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There are so many cars here, so many brands…We pass a group of Corvairs, they were assembled at the Willow Run plant. In the Brass Era we see a 1913 Cole, a 1911 Ann Arbor and an EMF, none of which we’ve ever heard of before.  The 1929 Willy’s Knight is fabulous, it even has a Knight for a hood ornament. There are all kinds of Studebakers; a ’27 Roadster, a President in blue, a Super Hawk and the unusual 1963 Avanti which came with a super-charged engine from the factory. Edsels are distinct, the taillights on the 1960 Ranger unlike any others. Each vehicle is adorned with a million little details, hood ornaments are works of art, trim pieces, door handles, shifters, fabrics, wheels and dashboards are thoughtfully designed. You knew a Plymouth from a Mercury, a Nash from a Hudson. You could get practically any color of the rainbow, inside and out. The good ol’ days.

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Ypsi is home to really good restaurants, today we’re eating at Bona Sera on Michigan Ave, they serve creative Italian fare with a southern twist. Two walls of windows allow lots of natural light to fill the space, primary colors are used on the walls and in the decor, potted plants give a sense of warmth, paper lanterns and a tin ceiling add a bit of whimsy. Everything on the brunch menu sounds delicious, we order the waffle served with Calder’s whipped cream and a pile of fresh fruit. we are not disappointed. The biscuits and gravy are fantastic; buttermilk biscuits smothered in sausage gravy and topped with two over-easy eggs, it looks like I licked my bowl clean.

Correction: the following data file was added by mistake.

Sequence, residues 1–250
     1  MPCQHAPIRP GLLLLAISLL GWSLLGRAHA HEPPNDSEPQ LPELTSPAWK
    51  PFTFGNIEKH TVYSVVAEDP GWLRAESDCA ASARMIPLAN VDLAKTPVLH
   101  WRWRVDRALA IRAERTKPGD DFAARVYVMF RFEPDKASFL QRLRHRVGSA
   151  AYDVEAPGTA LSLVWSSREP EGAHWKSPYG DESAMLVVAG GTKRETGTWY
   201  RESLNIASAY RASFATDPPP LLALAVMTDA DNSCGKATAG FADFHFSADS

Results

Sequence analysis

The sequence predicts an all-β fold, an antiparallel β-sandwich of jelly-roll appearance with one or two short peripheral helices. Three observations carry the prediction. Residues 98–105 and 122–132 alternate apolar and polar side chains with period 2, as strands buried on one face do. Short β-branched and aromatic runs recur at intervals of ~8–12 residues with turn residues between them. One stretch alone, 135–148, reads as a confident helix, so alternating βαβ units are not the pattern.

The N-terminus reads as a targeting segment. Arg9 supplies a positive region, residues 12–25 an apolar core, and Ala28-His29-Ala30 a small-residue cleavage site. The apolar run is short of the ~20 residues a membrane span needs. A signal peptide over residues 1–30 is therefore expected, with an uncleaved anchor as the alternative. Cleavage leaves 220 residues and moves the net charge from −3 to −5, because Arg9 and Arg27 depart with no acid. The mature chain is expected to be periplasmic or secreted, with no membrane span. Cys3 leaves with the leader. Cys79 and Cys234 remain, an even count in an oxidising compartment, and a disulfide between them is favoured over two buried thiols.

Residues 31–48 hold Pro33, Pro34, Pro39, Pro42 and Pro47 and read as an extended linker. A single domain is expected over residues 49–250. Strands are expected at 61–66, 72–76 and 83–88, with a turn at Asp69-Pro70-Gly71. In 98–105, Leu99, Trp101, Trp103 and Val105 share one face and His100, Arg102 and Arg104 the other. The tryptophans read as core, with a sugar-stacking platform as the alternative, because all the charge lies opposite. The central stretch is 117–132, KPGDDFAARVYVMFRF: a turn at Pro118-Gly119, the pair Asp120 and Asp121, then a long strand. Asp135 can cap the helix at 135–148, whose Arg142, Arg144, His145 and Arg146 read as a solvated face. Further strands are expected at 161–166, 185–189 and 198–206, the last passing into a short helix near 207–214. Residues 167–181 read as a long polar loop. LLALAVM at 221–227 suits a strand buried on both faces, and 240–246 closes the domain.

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River St is bustling today, coffee shops, a food co-op and shops have livened up the district. Cultivate Coffee and Tap House serves, as you may have guessed, craft coffee and draft brews, we’re here for the coffee. I read the list of selections while I stand in line, I order two cold brews; Kris has found us seating at a community table towards the back. The space is cozy and attractive and very busy today; I’d say the sales of beer to coffee is about equal. Feeling revived after a nice meal and a coffee it’s time to hit the road.  

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YPSILANTI: Fire Trucks & Food

14 Apr

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There is a wonderful ritual that takes place each spring; no it’s not the Tulips and Daffodils emerging from the cold ground or the blossoms and sweet scent of flowering trees….It’s the official opening of our beloved Drive-In restaurants! If you have ever eaten at Bill’s Drive-In located in Ypsilanti, you totally get what I am talking about. Though Bills had been open for a few weeks, it was our first opportunity to make the trip out to Ypsi.